SpaceX owns another launch site in Florida, on Cape Canaveral, Space Launch Complex 40 (SLC-40). It is in the Cape Canaveral Air Force Station, with Patrick Air Force Base to the south and NASA’s Kennedy Space Center to the north. Because of the proximity to other launch sites, SLC-40 benefits from many of the same services that they do, be it for fuel, parts, security, location, or weather monitoring services.

SpaceX’s Plans for the Future

Artist’s conception of a BFR approaching the Red Planet.

SpaceX has many ambitious plans for the future. One such plan is the Starship. The Starship is collectively the cargo carrying Starship spacecraft and its launch vehicle, the Falcon Super Heavy.  The Starship is designed to be able to carry crew along with cargo.

The Falcon Super Heavy rocket will carry the Starship. It will be 223 feet tall, and 30 feet in diameter. It will be able to generate 16 million pounds of thrust, and will carry 6.6 million pounds of propellant. Both the Starship and Falcon Super Heavy will use Raptor engines instead of Merlin engines. The Falcon Super Heavy will use 37 Raptor engines while the Starship stage will use 7. Raptor engines will be larger and run on liquid methane, rather than RP-1. This is because RP-1 can cause problems with residue build-up, in a process that is known as coking. Another reason methane will be used, is because it is theorized that methane could be extracted from the surface of Mars, making re-fueling the Starship possible on Mars.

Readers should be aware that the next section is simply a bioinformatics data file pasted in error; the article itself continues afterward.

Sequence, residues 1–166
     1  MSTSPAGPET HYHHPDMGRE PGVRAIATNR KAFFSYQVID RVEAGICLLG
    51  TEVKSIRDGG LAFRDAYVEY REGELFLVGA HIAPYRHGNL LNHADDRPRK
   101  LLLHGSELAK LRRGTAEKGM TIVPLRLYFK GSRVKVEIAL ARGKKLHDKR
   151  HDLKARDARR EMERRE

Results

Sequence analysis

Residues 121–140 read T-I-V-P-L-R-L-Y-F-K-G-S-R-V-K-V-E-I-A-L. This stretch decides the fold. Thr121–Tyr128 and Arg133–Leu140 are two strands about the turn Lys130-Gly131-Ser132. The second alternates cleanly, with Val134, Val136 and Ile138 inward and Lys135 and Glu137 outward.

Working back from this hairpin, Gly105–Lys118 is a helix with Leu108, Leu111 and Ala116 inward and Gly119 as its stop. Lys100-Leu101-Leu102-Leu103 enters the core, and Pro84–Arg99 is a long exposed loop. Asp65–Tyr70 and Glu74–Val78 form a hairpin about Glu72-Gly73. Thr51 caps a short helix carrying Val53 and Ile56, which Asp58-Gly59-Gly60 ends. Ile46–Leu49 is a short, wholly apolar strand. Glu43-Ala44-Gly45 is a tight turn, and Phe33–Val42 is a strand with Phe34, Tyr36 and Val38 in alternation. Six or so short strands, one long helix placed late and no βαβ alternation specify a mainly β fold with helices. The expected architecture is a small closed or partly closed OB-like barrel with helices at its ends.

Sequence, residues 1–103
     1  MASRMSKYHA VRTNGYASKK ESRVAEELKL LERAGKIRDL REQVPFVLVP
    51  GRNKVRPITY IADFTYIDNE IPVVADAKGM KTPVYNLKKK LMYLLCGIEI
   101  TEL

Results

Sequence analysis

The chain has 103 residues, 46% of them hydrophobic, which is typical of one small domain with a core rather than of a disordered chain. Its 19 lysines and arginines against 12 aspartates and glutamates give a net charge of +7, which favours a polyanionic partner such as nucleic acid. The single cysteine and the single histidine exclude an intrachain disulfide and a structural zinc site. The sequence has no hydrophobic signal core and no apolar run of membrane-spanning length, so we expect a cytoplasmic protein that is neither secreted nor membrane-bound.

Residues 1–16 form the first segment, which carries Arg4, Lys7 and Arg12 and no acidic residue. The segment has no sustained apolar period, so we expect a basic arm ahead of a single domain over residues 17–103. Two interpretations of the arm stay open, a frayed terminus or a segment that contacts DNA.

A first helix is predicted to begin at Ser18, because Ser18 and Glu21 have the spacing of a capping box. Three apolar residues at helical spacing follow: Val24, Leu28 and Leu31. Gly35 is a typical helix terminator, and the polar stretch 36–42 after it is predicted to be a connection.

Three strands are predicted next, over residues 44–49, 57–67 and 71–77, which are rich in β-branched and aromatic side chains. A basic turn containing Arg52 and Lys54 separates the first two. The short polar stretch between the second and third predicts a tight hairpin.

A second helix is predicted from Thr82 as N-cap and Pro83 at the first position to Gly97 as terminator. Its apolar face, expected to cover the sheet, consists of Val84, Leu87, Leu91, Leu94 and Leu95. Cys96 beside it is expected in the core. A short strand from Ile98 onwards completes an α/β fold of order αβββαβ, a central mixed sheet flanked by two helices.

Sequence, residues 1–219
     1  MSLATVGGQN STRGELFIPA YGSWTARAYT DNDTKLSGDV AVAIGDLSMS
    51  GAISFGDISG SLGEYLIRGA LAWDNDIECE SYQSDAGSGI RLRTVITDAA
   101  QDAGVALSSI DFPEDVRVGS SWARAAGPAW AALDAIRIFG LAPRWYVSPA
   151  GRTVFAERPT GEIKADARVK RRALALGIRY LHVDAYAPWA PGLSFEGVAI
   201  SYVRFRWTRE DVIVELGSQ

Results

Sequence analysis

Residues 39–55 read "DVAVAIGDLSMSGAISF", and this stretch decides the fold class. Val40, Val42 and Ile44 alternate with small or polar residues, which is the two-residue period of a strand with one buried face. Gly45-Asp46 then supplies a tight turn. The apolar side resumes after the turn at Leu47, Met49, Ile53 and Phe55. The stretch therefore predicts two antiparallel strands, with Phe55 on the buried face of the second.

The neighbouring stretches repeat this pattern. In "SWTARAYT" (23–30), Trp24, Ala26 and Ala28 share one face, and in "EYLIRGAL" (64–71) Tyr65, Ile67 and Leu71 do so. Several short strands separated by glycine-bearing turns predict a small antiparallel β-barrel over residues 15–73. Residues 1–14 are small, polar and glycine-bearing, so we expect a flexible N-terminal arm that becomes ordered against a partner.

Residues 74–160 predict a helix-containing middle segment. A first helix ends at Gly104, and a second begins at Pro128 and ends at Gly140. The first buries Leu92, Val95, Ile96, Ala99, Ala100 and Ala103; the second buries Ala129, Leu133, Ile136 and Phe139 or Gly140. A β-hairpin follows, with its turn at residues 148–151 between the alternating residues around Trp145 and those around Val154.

SpaceX’s Competitors

There are companies other than SpaceX that are expanding into commercial spaceflight, and making their own innovations. Some of the more notable examples are Boeing, Sierra Nevada Corporation, Virgin Galactic, Xcor Aerospace, and Made in Space.

Boeing manufactures and sells airplanes, rotor-craft, rockets, satellites, missiles, and telecommunications equipment. Their scope has only recently expanded to include rockets. The rocket they developed is the CST-100 (Crew Space Transport – 100) or Boeing Starliner. They have yet to sell any, as the rockets are still in the development and testing phase. It is designed to carry up to 7 passengers, and would be viable to orbit for up to 7 months, and reliable for 10 launches. It is also designed to be compatible with other launch vehicles such as the Atlas V, Delta IV, Falcon 9, and Vulcan.